A number of different sorts of publications have arisen from the seminars: academic papers presented at the seminar have been or will soon be published across a number of formats (special journal issues, a book of collected essays); article contributions by practicing medical and healthcare experts have been published in response to a call for papers in three British Medical Journal Group journals; papers have been published by David Gurnham and Catherine Stanton in response to the themes explored in the seminars. For full details of publications and paper presentations, see the Criminalizing Contagion_summary_report_Nov_2014.

Criminal Law and Public Health – Working at Cross-Purposes?

In 2013, Gratuitous self-promotion, News, Public Ethics on November 18, 2013 at 8:00 am

According to recent news reports, the city of Edinburgh is getting tough on those who seek sensual pleasures outside of the confines of their own homes.  The police have asked that condoms be banned from saunas as a way of trying to prevent sexual activity on the premises, and city Councillors have been asked to stop issuing licenses for saunas and massage parlours.

Besides being a naïve and impractical way to prevent people from having sex, there has been, unsurprisingly, a strong condemnation of such a move on the grounds of its potential negative effect on public health.  The charity Scot-pep, for instance, has warned that implementing the police proposal on condoms could lead a HIV epidemic, as well as the proposal to limit establishments where sex workers can meet clients puts them at greater risk from some of the inherent hazards of plying their trade outdoors.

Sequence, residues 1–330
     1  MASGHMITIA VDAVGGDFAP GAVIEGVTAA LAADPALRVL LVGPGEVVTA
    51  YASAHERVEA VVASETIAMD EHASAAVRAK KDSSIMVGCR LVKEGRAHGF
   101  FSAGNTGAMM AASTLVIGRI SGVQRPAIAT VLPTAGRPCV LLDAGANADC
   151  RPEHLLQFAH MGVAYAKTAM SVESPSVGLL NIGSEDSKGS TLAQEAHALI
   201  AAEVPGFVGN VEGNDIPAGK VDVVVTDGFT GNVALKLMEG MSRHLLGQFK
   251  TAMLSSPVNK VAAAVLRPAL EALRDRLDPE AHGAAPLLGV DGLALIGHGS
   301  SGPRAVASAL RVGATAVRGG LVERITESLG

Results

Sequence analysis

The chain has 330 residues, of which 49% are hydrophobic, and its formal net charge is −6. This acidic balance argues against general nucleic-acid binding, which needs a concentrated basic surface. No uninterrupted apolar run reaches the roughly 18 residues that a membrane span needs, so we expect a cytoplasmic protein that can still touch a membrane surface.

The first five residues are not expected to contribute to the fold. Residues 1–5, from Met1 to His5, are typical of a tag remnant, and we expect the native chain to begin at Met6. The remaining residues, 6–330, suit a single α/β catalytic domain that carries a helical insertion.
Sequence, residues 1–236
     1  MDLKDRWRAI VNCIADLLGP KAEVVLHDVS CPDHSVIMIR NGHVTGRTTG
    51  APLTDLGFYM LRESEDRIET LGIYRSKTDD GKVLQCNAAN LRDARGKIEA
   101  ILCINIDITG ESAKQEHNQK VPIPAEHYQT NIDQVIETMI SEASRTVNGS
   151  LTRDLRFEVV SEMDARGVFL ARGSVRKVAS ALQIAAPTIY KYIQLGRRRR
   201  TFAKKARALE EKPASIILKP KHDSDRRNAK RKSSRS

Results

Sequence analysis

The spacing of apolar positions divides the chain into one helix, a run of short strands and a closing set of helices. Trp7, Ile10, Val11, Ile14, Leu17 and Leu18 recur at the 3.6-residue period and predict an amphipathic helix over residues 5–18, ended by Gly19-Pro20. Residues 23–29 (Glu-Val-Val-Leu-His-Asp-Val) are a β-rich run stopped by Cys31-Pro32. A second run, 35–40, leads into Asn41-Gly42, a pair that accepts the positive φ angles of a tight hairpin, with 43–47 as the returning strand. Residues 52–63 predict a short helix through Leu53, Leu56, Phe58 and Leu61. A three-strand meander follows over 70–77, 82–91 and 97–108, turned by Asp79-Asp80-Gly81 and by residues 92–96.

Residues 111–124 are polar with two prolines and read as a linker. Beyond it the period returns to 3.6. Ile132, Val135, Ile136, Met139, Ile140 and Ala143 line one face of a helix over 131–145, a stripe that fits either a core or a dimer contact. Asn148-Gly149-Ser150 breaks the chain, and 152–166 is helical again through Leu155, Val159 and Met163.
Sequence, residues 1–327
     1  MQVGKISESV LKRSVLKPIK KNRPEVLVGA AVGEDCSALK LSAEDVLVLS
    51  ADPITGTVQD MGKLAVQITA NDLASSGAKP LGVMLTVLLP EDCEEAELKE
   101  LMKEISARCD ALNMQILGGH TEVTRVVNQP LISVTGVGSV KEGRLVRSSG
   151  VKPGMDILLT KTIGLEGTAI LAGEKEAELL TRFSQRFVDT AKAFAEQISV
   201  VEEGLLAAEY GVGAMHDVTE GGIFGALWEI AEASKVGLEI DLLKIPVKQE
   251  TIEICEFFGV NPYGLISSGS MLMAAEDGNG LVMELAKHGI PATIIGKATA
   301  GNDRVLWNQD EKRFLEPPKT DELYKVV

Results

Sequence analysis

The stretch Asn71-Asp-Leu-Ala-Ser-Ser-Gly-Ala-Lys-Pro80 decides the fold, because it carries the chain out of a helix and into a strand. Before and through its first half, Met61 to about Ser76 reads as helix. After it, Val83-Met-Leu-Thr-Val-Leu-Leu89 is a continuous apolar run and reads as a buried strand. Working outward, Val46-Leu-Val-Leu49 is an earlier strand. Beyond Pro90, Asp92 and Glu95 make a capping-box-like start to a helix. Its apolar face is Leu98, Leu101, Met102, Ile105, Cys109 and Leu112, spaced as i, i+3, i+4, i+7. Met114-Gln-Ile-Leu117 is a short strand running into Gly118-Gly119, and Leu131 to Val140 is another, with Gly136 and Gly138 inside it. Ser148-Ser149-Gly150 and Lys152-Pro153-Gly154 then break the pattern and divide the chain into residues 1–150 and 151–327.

There has been a long history in the United Kingdom of a connection between the criminal justice system and public health.  In some cases, it has been a beneficial relationship in which everything from firearms restrictions, requirements for seat belts, motorcycle helmets and child safety seats and restrictions on intoxicating substances, provide examples where the criminal justice system has been used to mitigate or prevent behaviours that are harmful to individual and population health.  Nevertheless, not all intersections of criminal justice and public health are mutually beneficial.  What is most notable is the distinct progression that has been made from a so-called “policing model of public health”, that often focused on ideas of moral hygiene and legal moralism, which remained influential in Britain into the 19th century, towards more social models of public health that focus on health promotion, harm reduction and social justice.

The recent proposals in Edinburgh reveal a conflict that can arise when approaching a social problem through a criminal justice lens rather than one of public health.  Even with a greater focus on individual and population health that shies away from ideas of moral hygiene and legal moralism, there remain important tensions between criminal justice and public health concerns – especially in cases where it concerns sex and sexuality.  What is needed is an approach in which the criminal law – as well as other areas of law – is used as a public health tool that seeks to promote health and well-being, as opposed to being used to punish individuals’ choices we find distasteful or undesirable. 

HEAL has a strong interest in public health ethics and law.  Two of its core members (A.M. Viens and John Coggon) were editors of a volume that was published this month by Cambridge University Press entitled, Criminal Law, Philosophy and Public Health Practice.  Bringing together international experts from a variety of disciplines, including law, criminology, public health, philosophy and health policy, it explores the theoretical and practical implications of how the use of criminal law may promote or hinder public health goals.

A.M. Viens

Today’s HEAL meeting: David Gurnham

In 2012, Meetings on December 12, 2012 at 7:52 am

A reminder for today’s joint HEAL/Law School staff seminar with David Gurnham speaking on ‘The criminalisation of HIV and sexual offences: natural bedfellows?’, 1-2pm 2055/4 (Law), Highfield.